Many of our customers ask us how and why syrups differ in colour. Some assume that the darker colour syrups must be boiled longer and as a result, produce thicker syrup. This is a misconception that I’d like to clarify.
At the beginning of the production season (end of Feb, beginning of March) the weather outside is cold. Sap starts to flow and is very transparent (clear) in colour. The 2-3% sugar content of the sap is two-tier sucrose sugar. During the few weeks of our production season (March - April), the outside temperature continues to warm and snow melts. Although relatively sterile within the tree, microorganisms are activated and rapidly grow within the sap upon exiting the tree. This warming and subsequent heat enables microorganisms (bacteria) within the environment to grow exponentially. The warmer the temperature gets, the faster bacteria grows.
The enzymatic reaction by these microorganisms in sap causes some level of conversion of sucrose into the invert sugars, glucose and fructose. As the seasons progress this level of conversion increases in volume due to increased microorganisms in the environment. In the beginning, the impact is minimal, but as the outside temperature warms further, invert sugars increase within the sap and subsequent maple syrup. Microorganisms double in size every 10 minutes. By the end of the season maple syrup, although still predominately a sucrose sugar, have higher invert sugars levels (glucose and fructose). This sugar chemistry in conjunction with the carmelization process that occurs when sap is being boiled, causes the syrup to become gradually darker in colour throughout the producion season.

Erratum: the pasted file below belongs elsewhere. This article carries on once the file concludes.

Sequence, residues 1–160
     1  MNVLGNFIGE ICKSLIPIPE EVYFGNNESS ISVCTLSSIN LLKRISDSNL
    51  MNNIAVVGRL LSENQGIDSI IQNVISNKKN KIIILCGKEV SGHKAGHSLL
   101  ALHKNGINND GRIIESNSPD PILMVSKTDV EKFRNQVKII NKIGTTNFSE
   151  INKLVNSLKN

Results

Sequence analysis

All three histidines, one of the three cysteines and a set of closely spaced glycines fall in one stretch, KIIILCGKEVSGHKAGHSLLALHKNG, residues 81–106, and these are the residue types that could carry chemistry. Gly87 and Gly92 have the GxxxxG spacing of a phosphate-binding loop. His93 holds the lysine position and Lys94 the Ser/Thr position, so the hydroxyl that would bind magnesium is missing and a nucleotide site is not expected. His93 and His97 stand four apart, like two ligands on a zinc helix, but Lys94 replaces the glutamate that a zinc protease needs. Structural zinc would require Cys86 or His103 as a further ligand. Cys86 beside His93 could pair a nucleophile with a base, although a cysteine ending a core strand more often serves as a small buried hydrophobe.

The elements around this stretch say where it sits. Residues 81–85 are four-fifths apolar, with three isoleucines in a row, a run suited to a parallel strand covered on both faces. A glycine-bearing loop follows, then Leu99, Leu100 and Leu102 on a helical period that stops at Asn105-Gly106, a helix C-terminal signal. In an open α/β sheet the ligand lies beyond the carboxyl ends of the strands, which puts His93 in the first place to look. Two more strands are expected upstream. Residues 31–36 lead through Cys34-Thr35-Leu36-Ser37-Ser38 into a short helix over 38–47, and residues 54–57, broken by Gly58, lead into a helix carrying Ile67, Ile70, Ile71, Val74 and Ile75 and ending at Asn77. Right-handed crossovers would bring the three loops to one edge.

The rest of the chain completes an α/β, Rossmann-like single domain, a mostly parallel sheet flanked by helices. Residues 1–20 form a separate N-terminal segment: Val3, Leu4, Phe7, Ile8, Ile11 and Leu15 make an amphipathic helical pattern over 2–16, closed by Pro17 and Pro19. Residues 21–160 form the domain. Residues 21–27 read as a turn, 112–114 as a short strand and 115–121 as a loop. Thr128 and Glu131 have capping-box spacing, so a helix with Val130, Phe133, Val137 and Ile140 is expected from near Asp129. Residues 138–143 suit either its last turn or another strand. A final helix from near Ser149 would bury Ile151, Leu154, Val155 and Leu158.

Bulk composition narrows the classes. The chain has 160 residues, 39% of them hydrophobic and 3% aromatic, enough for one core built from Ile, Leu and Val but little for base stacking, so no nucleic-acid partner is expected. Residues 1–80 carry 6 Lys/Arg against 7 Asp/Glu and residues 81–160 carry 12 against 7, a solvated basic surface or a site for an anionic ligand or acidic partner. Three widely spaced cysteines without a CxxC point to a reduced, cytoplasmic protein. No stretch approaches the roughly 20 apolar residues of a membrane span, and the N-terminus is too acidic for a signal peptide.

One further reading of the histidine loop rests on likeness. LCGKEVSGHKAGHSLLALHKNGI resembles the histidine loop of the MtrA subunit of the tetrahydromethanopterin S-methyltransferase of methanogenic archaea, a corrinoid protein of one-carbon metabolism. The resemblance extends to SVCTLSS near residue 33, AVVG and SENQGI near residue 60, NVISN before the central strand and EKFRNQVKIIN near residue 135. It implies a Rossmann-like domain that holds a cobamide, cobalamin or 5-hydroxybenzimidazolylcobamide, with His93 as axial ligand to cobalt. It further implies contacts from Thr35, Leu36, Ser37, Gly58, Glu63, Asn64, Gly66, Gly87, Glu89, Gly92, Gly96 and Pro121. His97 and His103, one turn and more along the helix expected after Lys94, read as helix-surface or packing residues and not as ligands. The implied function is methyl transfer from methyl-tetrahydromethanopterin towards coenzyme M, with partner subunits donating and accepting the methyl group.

The 4 different colour grades (North American Maple Syrup Council) thus reflect the time of the season the syrup was produced. At the beginning of the season, syrup is graded “Golden”, then "Amber”, then “Dark”, and finally “Very Dark”. As maple syrup needs to have a minimum density of 66.5% sugar content, all grades of syrup contain the same viscosity (consistency/thickness) levels. The darker syrups only “look” to be thicker (tricks the eye) in consistency due to its dark brown colour as compared with the light yellow colour of Golden syrup produced at the beginning of the season.
The stronger maple flavour that is present in later grades is a result of combining the carmelization process with the sugar chemistry structure at that time. Later in the season with a higher percentage of fructose in the sugar chemistry, the combination of that fructose in conjunction with the carmelization process produces a more robust and sweeter syrup. Although it's the same sugar content, fructose has the sweetest flavour of the sugars.